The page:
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Air Quality researchers find skin flakes can reduce indoor ozone levels

Published on May 13th, 2011 | by Tina Casey

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Gross But True: Your Dead Skin Can Reduce Indoor Air Pollution

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May 13th, 2011 by
 
researchers find skin flakes can reduce indoor ozone levelsErrr…I guess the real question is, why would anybody think of researching the effect of dead skin on indoor air pollution in the first place? Well the answer to that will just have to wait. In the meantime, thanks to the intrepid media team of Bernstein and Woods (what are the odds?) over at the American Chemical Society, we have the story of new research into the effect of dead skin on indoor air pollution. The results may leave you with a deeper appreciation for the role of dandruff in our sustainable future, because it turns out that your dead skin can reduce indoor ozone levels by up to 15 percent (and yes I know it’s Woodward, not Woods, but still…).

Dead Skin and House Dust

As noted by Michael Bernstein and Michael Woods (check out their article on the ACS website) we all shed about 500 million cells of skin cells every day – that’s each one of us – which comes out to about .003 ounces of skin flakes per person per hour. The collaborative study by scientists in the U.S., Denmark and Sweden looked at dust samples from hundreds of bedrooms and day care centers as part of a broader Danish research project relating to indoor air pollution and children’s health. Given the rate of human skin shedding, the researchers predicted that skin flakes would account for a significant proportion of the material in house dust.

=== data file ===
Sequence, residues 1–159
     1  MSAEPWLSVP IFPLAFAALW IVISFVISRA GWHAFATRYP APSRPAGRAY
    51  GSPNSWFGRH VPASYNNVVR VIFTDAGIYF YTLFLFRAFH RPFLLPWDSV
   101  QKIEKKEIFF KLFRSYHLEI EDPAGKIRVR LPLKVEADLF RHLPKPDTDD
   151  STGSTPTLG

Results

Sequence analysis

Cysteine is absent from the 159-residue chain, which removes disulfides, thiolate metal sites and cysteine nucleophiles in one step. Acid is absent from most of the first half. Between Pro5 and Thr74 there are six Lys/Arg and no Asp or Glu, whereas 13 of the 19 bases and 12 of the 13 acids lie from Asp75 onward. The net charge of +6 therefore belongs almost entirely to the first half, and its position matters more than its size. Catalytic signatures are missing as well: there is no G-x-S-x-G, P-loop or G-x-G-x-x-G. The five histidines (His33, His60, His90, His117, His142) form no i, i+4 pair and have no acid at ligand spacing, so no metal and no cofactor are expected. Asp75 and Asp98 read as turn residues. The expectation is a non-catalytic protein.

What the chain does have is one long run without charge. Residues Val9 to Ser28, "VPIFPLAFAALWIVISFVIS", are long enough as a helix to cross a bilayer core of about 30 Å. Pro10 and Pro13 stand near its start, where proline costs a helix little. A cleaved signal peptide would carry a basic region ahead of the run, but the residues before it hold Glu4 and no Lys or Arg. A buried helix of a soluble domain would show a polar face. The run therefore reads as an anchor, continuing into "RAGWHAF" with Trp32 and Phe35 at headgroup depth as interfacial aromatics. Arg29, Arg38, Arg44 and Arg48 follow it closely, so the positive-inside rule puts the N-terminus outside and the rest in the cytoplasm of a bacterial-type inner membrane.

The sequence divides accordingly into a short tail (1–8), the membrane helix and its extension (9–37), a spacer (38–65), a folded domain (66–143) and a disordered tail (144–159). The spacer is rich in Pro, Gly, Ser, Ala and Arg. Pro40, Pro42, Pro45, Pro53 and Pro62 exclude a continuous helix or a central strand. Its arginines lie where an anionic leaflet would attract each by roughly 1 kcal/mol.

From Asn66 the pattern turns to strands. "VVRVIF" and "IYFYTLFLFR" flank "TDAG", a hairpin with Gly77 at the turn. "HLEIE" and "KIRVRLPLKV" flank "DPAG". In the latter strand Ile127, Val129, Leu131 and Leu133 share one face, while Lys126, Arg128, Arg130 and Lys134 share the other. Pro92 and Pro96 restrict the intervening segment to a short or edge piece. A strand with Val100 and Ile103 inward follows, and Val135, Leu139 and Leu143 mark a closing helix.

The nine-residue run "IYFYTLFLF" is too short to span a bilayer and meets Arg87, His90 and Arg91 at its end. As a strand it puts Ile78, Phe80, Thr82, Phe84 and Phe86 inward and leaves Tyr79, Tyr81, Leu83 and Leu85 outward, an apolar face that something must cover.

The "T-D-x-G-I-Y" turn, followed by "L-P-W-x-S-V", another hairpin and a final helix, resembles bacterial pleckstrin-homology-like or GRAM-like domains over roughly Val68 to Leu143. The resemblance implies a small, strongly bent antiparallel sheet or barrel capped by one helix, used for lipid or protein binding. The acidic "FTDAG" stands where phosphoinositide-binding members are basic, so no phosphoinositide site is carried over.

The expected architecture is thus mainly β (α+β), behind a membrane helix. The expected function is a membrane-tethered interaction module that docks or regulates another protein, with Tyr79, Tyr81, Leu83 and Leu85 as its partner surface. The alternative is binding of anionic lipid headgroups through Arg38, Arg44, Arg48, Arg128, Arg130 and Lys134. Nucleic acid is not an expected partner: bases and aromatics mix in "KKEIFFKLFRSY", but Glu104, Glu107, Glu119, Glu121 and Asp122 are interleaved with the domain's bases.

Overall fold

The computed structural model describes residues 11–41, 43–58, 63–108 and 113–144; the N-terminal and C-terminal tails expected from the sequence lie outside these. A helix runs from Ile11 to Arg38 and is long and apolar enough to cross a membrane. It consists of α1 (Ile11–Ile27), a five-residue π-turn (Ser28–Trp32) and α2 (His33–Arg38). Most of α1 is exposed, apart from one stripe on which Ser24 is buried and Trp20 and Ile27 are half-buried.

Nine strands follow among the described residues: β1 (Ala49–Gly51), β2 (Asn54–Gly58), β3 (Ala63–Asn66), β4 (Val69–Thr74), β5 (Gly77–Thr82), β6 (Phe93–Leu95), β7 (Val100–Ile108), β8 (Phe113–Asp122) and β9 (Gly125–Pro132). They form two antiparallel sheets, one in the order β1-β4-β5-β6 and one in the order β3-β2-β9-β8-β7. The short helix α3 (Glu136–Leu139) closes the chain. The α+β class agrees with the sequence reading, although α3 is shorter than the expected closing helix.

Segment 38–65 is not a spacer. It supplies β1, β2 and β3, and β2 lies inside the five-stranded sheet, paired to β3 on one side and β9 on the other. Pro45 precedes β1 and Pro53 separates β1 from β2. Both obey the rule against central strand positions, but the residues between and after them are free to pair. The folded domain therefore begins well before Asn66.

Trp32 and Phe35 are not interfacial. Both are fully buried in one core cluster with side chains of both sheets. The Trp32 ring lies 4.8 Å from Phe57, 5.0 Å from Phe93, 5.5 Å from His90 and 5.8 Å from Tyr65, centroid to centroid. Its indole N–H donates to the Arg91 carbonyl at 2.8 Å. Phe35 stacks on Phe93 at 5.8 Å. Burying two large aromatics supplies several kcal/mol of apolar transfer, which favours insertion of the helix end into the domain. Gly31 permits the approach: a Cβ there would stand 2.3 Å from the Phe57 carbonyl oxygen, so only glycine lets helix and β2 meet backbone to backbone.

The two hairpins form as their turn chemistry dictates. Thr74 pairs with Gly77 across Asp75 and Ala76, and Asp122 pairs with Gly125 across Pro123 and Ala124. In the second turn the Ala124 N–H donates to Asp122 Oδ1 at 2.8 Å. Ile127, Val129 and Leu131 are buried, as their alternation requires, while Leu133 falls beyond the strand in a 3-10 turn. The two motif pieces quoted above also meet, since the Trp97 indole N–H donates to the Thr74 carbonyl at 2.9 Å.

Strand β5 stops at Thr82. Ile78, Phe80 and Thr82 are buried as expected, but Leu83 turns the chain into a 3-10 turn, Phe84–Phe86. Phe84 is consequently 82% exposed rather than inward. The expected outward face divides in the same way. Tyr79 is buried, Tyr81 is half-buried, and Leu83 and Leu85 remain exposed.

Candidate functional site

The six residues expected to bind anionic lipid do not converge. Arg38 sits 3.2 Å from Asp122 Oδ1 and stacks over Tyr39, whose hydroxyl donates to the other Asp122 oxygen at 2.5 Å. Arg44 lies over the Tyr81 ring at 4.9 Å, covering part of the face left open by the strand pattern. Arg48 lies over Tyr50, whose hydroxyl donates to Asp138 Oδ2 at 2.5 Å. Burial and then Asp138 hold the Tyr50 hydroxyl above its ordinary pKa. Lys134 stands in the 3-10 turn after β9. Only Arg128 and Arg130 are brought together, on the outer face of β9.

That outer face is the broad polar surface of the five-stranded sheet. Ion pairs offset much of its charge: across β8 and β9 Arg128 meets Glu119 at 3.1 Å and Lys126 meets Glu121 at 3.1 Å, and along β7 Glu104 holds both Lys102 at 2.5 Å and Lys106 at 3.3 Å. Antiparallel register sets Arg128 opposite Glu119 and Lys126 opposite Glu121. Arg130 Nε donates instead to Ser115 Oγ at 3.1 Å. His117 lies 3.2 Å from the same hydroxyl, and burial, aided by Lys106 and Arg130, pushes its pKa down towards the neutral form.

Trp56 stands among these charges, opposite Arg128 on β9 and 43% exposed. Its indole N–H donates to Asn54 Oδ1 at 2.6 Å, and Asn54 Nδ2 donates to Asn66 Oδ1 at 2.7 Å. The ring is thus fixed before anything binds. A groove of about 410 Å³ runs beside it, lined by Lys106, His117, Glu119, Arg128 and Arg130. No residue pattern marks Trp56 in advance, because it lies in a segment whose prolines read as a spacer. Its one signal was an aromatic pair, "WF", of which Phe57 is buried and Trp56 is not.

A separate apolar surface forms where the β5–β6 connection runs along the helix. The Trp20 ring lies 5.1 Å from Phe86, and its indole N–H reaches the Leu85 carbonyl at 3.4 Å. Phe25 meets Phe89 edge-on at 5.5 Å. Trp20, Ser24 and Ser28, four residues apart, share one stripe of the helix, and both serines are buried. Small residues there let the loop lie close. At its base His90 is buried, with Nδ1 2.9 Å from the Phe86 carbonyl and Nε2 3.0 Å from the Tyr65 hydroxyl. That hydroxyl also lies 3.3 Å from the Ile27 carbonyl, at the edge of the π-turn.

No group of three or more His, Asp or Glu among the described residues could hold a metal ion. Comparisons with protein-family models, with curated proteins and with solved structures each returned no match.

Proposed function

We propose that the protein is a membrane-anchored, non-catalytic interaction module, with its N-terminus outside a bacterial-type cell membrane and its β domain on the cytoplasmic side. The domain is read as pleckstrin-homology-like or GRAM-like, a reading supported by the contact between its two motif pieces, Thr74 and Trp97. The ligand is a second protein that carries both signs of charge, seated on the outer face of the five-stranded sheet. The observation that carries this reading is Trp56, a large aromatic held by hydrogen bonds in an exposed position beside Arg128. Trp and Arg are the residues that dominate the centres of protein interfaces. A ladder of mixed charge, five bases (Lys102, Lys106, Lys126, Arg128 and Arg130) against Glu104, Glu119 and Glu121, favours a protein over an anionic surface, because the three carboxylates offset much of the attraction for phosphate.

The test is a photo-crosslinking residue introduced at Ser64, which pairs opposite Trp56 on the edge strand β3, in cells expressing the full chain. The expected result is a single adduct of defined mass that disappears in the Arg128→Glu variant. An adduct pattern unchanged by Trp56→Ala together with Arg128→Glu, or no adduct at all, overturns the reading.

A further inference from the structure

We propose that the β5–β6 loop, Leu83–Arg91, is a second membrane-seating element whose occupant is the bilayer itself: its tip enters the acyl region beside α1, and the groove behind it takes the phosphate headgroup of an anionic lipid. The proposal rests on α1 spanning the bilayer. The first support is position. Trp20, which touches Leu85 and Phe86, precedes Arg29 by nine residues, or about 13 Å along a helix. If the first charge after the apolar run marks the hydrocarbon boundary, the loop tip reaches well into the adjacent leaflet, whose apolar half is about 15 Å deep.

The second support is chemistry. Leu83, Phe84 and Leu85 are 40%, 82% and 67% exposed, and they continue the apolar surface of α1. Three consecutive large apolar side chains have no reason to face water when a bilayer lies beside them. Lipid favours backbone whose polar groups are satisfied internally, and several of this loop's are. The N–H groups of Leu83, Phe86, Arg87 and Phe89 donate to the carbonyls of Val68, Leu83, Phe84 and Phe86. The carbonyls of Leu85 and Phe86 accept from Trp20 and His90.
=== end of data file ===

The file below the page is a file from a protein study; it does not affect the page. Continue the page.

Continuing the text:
Dead Skin and Ozone Pollution

Human skin contains squalene, a component of natural skin oil. That’s not the same as squalane, by the way. Previous research in an enclosed indoor setting (a simulated aircraft cabin) suggested that squalene reacts with ozone and neutralizes it. Skin flakes are one direct source of squalene, but hair and clothing can also be involved. In the Danish study, researchers found squalene and cholesterol in more than 97 percent of the dust samples they collected. Accounting for a number of variables related to the presence of cholesterol in dust (such as cooking, for example), they concluded that squalene in house dust results in a measurable “scavenging of ozone” in the indoor environment.

Okay, Gross. Now What Does it Mean?

With the world’s population set to increase by billions within this century, the new research indicates that there is going to be a lot more house dust in our future. But look on the bright side, there is also going to be a lot more squalene around to fight indoor ozone pollution. Seriously now, the research does suggest that there are any number of undiscovered, uninvestigated natural systems out there that could help us manage the impact of human activity on our planet.

Image: Skin flakes by Quinn.anya on flickr.com.

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About the Author

Tina Casey specializes in military and corporate sustainability, advanced technology, emerging materials, biofuels, and water and wastewater issues. Tina’s articles are reposted frequently on Reuters, Scientific American, and many other sites. Views expressed are her own. Follow her on Twitter @TinaMCasey and Google+.



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